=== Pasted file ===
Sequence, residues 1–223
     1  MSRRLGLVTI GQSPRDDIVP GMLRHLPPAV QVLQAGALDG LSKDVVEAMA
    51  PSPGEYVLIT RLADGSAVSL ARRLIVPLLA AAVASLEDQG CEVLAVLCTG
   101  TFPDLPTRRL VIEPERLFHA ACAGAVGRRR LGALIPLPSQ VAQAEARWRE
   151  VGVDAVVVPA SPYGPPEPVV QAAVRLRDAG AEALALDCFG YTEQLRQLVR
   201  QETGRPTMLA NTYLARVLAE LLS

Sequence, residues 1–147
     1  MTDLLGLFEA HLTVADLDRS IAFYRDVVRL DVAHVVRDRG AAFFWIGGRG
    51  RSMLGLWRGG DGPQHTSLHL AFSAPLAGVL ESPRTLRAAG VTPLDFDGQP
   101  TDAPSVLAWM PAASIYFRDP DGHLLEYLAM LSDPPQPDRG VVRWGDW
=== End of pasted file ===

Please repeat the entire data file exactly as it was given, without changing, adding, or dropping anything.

Sequence, residues 1–223
     1  MSRRLGLVTI GQSPRDDIVP GMLRHLPPAV QVLQAGALDG LSKDVVEAMA
    51  PSPGEYVLIT RLADGSAVSL ARRLIVPLLA AAVASLEDQG CEVLAVLCTG
   101  TFPDLPTRRL VIEPERLFHA ACAGAVGRRR LGALIPLPSQ VAQAEARWRE
   151  VGVDAVVVPA SPYGPPEPVV QAAVRLRDAG AEALALDCFG YTEQLRQLVR
   201  QETGRPTMLA NTYLARVLAE LLS

Sequence, residues 1–147
     1  MTDLLGLFEA HLTVADLDRS IAFYRDVVRL DVAHVVRDRG AAFFWIGGRG
    51  RSMLGLWRGG DGPQHTSLHL AFSAPLAGVL ESPRTLRAAG VTPLDFDGQP
   101  TDAPSVLAWM PAASIYFRDP DGHLLEYLAM LSDPPQPDRG VVRWGDW